Tips for the Everyday (micro)-Philanthropist
I have received many questions from people asking for tips on how to start their own everyday giving mission. I am extremely flattered by all the support and before I leave for Mexico, I wanted to share some tips for those who might want to make the Give Everyday philosophy a part of their New Year’s resolution. It can be daunting at times, but can be very rewarding and educational.
- Start locally. Take a look around your community and see what groups and organizations are working within your community to promote postive change. Find a handful of organizations that you would like to support and keep them on your short list.
- Start small. There is no need to break the bank or go broke for your giving mission. There is no such thing as a donation too small. If you are afraid that it won’t make an impact, take it from me, it will. Here is a suggestion that I will be utilizing for YEAR TWO: pick one organization and save up each daily donation in a jar and donate the contents to your charity of choice at the end of the month.
- Jar 2 Jar. Some parents might be interested in teaching charity and saving at the same time, so I recommend JAR 2 JAR. Take 2 jars or containers and label one Savings and the other Charity. Each day drop a quarter, $1, etc. in each jar. Then, deposit the savings and donate the charity portion at the end of the month or end of the year. It’s a great way to get the kids involved. My uncle Luis bought his first car from a 5 gallon water bottle of change he collected, it adds up.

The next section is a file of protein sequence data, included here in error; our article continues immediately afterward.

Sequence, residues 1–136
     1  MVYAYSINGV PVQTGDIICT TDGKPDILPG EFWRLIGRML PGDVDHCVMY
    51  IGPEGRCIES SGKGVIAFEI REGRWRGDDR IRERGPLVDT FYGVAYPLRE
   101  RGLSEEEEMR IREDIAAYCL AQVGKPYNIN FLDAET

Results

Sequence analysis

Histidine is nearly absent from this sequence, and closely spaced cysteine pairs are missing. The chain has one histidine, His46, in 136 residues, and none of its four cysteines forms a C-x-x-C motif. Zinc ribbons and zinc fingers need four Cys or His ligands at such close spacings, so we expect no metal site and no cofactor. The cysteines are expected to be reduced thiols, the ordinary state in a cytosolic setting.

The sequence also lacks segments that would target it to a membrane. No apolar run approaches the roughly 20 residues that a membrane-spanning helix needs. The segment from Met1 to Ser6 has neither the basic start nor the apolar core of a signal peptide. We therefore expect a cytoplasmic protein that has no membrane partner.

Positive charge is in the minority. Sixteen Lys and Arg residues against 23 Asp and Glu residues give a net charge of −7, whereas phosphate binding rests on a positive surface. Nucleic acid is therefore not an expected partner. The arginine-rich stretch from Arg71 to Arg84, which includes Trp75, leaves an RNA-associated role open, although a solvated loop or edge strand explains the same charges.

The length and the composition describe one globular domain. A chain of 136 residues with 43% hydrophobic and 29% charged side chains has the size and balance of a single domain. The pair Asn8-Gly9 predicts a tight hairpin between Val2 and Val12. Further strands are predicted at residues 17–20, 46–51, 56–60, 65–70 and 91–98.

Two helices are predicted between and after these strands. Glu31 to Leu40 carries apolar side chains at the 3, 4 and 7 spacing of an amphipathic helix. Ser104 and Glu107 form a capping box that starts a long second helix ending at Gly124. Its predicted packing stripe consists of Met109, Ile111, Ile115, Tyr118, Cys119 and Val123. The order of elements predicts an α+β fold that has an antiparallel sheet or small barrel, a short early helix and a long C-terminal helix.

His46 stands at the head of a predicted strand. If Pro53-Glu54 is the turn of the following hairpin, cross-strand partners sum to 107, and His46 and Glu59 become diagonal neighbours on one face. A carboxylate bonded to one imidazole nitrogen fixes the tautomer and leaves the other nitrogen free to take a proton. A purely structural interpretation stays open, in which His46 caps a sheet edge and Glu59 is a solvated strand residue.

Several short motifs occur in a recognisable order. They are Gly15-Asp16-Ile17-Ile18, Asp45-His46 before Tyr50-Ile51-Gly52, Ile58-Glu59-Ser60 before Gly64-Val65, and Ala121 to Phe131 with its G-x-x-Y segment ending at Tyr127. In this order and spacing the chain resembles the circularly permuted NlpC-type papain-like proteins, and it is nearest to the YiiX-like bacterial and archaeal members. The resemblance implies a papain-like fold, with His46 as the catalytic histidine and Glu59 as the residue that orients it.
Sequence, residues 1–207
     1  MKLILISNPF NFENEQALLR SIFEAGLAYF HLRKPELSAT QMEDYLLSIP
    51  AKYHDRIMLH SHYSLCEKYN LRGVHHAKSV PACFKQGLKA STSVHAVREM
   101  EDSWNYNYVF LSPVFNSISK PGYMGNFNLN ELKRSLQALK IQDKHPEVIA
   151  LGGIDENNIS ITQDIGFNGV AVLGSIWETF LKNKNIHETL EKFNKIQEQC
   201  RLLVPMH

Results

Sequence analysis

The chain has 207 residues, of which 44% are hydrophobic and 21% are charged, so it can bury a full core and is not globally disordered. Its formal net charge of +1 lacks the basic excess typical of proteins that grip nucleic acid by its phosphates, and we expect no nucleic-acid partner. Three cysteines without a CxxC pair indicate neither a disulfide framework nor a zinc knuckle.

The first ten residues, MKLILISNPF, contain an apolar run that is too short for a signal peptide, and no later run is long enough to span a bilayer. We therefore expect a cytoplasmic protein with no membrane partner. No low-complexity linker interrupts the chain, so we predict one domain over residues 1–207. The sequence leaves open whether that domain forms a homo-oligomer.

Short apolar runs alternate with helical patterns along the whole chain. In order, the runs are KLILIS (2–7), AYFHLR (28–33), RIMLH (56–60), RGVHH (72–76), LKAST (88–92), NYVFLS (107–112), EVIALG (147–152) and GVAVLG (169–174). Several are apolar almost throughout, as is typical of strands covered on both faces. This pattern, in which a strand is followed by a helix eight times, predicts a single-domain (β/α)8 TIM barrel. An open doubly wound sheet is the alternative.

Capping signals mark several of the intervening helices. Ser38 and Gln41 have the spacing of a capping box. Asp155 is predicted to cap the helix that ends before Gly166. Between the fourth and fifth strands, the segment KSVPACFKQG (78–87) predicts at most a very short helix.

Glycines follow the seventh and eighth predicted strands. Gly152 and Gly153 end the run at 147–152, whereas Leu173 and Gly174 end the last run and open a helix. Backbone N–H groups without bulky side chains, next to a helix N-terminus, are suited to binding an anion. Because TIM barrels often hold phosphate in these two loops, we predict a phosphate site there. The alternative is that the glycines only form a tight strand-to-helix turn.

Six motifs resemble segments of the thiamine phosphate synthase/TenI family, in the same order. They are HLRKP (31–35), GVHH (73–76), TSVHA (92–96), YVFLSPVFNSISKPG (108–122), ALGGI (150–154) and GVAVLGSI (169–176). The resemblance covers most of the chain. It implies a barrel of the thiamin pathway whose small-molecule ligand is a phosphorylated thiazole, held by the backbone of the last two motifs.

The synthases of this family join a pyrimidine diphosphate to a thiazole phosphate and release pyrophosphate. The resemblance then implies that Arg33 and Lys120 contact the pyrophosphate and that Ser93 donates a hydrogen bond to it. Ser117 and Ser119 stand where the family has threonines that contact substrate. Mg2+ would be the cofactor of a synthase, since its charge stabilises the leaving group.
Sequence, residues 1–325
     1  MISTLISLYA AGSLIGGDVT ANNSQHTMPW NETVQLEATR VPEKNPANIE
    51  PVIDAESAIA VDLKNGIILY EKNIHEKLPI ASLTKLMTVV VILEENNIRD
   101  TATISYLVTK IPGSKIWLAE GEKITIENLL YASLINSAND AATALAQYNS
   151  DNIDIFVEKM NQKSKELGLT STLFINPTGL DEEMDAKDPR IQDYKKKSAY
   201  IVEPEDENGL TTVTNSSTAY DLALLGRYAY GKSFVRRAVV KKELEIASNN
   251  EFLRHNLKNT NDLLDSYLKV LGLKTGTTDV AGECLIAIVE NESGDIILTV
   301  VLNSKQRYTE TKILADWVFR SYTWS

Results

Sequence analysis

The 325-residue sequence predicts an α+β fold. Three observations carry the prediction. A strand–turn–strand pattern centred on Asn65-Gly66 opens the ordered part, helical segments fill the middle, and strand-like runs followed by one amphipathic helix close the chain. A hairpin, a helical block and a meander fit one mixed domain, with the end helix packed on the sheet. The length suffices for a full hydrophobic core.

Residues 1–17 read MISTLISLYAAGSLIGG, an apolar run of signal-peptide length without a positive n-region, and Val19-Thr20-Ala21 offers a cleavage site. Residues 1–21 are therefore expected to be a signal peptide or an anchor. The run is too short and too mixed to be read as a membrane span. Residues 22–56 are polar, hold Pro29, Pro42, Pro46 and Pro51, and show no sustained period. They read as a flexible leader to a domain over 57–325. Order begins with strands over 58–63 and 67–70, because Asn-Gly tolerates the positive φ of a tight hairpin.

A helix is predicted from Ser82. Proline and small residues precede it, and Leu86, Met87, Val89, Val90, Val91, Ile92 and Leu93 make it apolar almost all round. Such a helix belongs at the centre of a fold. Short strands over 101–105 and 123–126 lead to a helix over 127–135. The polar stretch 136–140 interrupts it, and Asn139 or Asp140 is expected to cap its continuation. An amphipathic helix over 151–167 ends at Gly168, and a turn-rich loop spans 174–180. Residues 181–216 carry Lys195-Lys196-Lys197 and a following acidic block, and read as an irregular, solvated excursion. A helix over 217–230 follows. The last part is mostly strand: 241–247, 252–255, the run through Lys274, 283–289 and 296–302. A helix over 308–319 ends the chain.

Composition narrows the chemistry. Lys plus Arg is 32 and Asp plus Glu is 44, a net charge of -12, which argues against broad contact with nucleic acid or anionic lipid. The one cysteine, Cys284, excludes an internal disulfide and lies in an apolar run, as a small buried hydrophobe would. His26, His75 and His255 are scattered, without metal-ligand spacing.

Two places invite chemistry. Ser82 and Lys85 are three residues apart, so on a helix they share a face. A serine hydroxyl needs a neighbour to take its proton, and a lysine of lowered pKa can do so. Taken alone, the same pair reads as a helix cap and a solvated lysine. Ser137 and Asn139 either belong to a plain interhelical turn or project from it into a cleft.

- Vetting. It is important to be informed in your giving, it can be discouraging to find out a charity is not legit after your donation. The best solution is to do your research. Check out websites like CharityNavigator.Org, Charitywatch.org, Guidestar.org, and other watchdog sites. The more information you have, the more confident you can be about your donation. My other suggestion for vetting is volunteering. Volunteer a hour or two at the organization you want to contribute to and see what they are doing with the funds raised first hand. Give Smart, Give Confidently.
- Money isn’t Everything. While giving cash is a great way to help your favorite organization, donating goods or volunteering your time are excellent and recommended ways to help as well. So, on those days when $1 might be to much for your budget to give, consider donating some old clothes/toys/etc, or volunteering a hour or performing a random act of kindness. Instead of looking away from the homeless man asking you for change, smile and say “Good luck. I hope you have a good day.”
- The Great Opt-Out. After your donation, contact the organization and ask them to please remove you from their postal mailing campaigns. Politely let them know that you support their work, but would prefer they save the money spent on direct mail campaigns and be more green by sending email only.
- Get Social. If you want to get your friends and family involved, consider starting up a fundraising project using a social giving site like Crowdrise, Razoo, First Giving, StayClassy among others! This is a great way to stimulate conversation and expand your impact.
- Give Anything, but Up. Even if you have to take some time off, don’t give up. The best thing about giving is that you can pick it back up at anytime. Stay positive and what you might think is too small, can cause a ripple and eventually create a large wave.
If you have any other questions or suggestions, please drop me a line. Also, if you start your own Give Everyday mission, please let me know, so I can follow you!
I wish everyone all the best in the new year. Happy Holidays!